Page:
Discussion in 'Music Corner' started by Chief, Jun 21, 2019.
Happy Birthday Mark Volman! 'Ich Bin Maroon!'
I interacted with him on Twitter only yesterday:
I liked that little bit of Dirty Duck music
June 22, 1947
With just one pop classic, Howard Kaylan established himself as a legend and a national treasure. Yet he has gone way beyond that with not only The Turtles but Flo & Eddie, Zappa and The Mothers Of Invention, and so many different artists and even mediums to leave an indelible mark on our popular culture.
Born in the Bronx and raised largely in Los Angeles’ neighborhood of Westchester, Howard was enamored with show business from a young age. Music, movies, comedy, and this new thing called television, it didn’t matter, all represented an endless stream of dreams and possibilities. At school, he mastered at clarinet and in the school choir. There, he’d meet Mark Volman (don’t mispell that, it’s not Marc Bolan, it’s Mark Volman), with whom he’d develop an instant rapport. Besides constantly cracking each other up to the choirmaster’s constant chagrin, they also found their voices worked supremely well together. Through this friendship, Mark would find his way into Howard’s band The Nightriders, first as a roadie and then sharing sax and vocal duties with Howie.
Thanks in part to Mark’s connections the surf rock crowd, the Nightriders, now The Crossfires, developed a following and reputation as a real rocking teenage combo. And after a few early attempts at recording singles, the group was offered a deal to record a cover of Bob Dylan’s “It Ain’t Me Babe”. With a folk rock sound, the Crossfires knew their name wouldn’t make much sense, so they changed it to...The Turtles. Well, bands named after animals were the in-thing after all.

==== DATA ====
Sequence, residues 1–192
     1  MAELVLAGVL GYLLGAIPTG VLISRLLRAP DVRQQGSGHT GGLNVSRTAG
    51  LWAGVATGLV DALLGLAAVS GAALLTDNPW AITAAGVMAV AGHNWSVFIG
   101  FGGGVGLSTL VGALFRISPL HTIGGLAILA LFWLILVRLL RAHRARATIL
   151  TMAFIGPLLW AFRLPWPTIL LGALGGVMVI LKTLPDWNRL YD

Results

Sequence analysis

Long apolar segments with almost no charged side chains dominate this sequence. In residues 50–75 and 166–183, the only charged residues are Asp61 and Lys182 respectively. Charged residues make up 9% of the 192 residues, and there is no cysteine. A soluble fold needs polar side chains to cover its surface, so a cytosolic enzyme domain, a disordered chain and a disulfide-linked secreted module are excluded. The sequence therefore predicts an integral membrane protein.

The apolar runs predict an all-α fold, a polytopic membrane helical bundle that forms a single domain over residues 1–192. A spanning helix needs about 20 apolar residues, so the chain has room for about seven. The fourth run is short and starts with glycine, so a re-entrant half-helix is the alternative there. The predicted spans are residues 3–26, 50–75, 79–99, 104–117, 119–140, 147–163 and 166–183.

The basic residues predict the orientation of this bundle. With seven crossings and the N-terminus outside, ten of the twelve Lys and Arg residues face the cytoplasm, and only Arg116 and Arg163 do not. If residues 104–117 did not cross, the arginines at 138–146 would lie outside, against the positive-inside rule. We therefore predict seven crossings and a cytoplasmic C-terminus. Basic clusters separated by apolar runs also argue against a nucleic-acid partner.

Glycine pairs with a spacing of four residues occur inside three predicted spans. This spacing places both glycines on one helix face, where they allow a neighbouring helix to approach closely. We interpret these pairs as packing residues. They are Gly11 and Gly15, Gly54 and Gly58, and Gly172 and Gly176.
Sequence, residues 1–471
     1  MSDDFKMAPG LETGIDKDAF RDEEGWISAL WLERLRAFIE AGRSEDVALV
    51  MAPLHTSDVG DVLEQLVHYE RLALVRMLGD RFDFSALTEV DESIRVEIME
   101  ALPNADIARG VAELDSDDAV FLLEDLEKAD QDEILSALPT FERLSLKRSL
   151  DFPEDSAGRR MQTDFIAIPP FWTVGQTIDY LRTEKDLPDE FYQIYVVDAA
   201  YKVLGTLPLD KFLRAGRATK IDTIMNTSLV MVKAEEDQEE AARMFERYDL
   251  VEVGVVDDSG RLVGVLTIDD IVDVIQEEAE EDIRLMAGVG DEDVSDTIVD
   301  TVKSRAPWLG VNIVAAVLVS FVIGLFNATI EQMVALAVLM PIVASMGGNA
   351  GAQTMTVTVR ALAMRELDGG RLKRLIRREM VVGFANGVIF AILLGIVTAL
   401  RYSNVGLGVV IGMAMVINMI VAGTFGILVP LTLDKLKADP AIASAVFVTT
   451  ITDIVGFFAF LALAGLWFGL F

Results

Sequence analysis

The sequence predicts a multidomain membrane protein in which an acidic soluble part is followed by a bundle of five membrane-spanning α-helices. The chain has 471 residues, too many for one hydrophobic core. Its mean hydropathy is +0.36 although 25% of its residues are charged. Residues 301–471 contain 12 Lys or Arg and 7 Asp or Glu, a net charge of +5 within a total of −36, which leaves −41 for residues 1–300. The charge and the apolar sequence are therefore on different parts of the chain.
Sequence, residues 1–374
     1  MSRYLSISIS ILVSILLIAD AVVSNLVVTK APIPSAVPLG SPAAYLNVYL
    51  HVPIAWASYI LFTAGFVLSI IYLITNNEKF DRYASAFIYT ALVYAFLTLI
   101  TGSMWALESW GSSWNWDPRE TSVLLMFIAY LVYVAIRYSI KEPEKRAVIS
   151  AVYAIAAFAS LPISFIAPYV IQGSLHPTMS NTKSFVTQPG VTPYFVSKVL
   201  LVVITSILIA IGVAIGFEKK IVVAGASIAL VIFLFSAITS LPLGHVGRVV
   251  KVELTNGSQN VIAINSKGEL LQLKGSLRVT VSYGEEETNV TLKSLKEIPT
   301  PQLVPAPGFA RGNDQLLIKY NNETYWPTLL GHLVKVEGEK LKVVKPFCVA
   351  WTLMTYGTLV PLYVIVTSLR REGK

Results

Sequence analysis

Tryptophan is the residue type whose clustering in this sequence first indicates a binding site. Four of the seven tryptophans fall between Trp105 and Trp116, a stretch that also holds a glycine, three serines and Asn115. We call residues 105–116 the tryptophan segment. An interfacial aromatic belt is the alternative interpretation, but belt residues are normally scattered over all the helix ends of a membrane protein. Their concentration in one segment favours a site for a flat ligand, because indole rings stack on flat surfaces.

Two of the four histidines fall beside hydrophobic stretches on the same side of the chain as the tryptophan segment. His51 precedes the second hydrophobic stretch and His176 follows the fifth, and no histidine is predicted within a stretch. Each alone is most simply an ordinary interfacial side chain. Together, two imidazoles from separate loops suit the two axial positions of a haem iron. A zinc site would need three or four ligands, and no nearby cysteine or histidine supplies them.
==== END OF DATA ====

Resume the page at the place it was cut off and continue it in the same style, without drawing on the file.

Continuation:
Despite their talent and a solid set of singles, the Turtles initially struggled to find their niche, that sound that just screamed “Turtles”. That all changed when they were presented with a worn out demo of a song by two members of The Magicians. “Happy Together” is a song that’s so baked into our cultural psyche, it can be easy to forget something-it’s a GREAT song. It is true pop perfection, and one major reason for that is Howard. His voice possessing the warmth of the sun, it evokes this romantic quality that we associate with love songs. At the same time, it has this playful quality that captures the innocence of youth, with all its irreverence and spirit. Then blend it with Mark’s voice, and voila.